Meeting most of the cast in a bit to have brunch and run lines. That should be fun. And I think I'll have a bloody mary while I'm at it. It is Sunday after all and I haven't had brunch with a bloody since my friend Sheryl was in town.
Philip Henslowe: Mr. Fennyman, allow me to explain
about the theatre business. The natural condition is one of insurmountable
obstacles on the road to imminent disaster.
Hugh Fennyman: So what do we do?
Philip Henslowe: Nothing. Strangely enough, it all turns out well.
Hugh Fennyman: How?
Philip Henslowe: I don't know. It's a mystery.
Huh? What? Yes more casting changes. Jorge resigned over the weekend, in order to do another project, (one that pays more than a stipend!) And while the news was a bit of a blow this late in the process, I think this may actually work out quite well.
The very talented JEFF HOUSE is stepping up to take on the challenge of this role. He was someone we strongly considered after the first round of auditions and his name has come up repeatedly as we've gone through the various cast permutations. Since I strongly believe that everything happens exactly as it's meant to happen, I think this has worked out perfectly. I'm really looking forward to working with him and seeing what he brings to the role.
So stick around, this is going to be good!
Creativity is messy. It doesn't follow a straight line, it meanders and backtracks and circles. And sometimes it frustrates.
You'll hear people talk about left brain/right brain - left brain is logical, is analytical, is detail and fact oriented, right brain is creative, is emotion oriented, feels. When I take those "quizzes" or "personality tests" that you can find all over the internet, in women's magazines and other various places, I test smack dab in the middle. When I worked in finance I tended to use more of my left brain, as an actor I relished in the joy of my right brain in the moment zen. When I directed for the first time I discovered a new challenge: in order to do it right, I had to engage both sides of my brain simultaneously. I loved it.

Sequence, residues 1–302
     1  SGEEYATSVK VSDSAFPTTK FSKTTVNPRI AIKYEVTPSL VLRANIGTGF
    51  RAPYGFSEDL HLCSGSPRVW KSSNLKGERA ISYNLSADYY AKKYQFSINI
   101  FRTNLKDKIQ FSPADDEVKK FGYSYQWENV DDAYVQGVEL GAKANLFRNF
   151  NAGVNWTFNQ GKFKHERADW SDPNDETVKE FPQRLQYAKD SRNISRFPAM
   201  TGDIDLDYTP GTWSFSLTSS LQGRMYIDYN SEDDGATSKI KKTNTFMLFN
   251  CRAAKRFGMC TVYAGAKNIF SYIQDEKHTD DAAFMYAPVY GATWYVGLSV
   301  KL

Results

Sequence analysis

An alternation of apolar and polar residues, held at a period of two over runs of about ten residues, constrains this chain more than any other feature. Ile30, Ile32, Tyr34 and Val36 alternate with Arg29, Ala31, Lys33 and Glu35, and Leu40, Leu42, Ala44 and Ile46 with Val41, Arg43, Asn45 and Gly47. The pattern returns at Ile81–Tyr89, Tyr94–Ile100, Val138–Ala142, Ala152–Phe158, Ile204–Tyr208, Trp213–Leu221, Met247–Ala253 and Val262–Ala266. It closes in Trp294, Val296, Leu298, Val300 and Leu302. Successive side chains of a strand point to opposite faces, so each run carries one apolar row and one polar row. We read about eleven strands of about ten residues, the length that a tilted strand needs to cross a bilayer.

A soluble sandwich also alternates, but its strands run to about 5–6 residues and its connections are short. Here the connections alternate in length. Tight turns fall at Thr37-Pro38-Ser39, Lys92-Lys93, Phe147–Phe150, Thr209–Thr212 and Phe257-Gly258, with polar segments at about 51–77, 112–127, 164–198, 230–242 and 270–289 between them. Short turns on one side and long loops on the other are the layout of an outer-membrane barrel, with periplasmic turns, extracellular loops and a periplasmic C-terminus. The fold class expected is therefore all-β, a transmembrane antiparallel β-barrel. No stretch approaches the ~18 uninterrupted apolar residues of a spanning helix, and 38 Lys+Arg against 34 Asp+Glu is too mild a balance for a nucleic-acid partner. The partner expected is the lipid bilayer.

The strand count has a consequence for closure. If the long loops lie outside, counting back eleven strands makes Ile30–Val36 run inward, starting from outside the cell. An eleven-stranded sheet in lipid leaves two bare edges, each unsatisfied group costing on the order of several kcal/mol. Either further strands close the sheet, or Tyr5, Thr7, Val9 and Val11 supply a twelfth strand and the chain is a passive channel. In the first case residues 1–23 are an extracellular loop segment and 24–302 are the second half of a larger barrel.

Right now, I face a similar challenge - as producer I need to be very left brained: money, details, specifics, deadlines. But I'm also acting which means letting go of the timeline and being present to the moment. Unlike directing where both channels had to work together, I need to keep these two worlds seperate in order to make sure they both work well. And that is proving difficult.
In every project I've ever worked on there has been a point - usually right before it all came together - when I was sure the whole thing would be a disaster. I know that is part of the process. I know it works itself out. But trusting that process is my challenge right now.
And I know that this is an incredibly talented and capable group of people that is working together: the director, the stage manager, and all nine of the actors. I know that they are professional and seasoned and want to shine. I know that everyone involved wants to look good doing what they are doing - so they will not let it fail. And my feeling will catch up to my knowing, sooner or later (probably right after opening night, which is usually when these feelings go away.)
That last parenthetical statement might be the crux of my issue: when I've been an actor in the midst of rehearsals, and I feel these very familiar feelings of doubt, I usually haven't yet invited anyone to the show. My friends, my family, my industry contacts haven't yet heard anything, and I can take refuge in that thought: no one that I know will know! And then we get through the crazy part of rehearsal and I feel better. Then, I can confidently start to invite people to see the show. This time around, because I'm producing, because I want to fill the seats, because it's important; I started telling people about this months ago. I have family planning to come up from Pennsylvania, friends coming in from out of state, people donating their time and their money in support; and that is scary! It's not just me following my muse for my own enjoyment; it's me following my muse and hoping that you'll come along for the journey and have a good time. All done on faith that yes, it will be worth it!
And it will. I know it will.
Meet the Cast Party on 6/9/11
Come to the show on June 9th (4:00pm) and stick around afterward for a meet and greet with the cast and crew! We'll be answering questions, signing autographs, hanging out and having fun - and we'd love to see you there!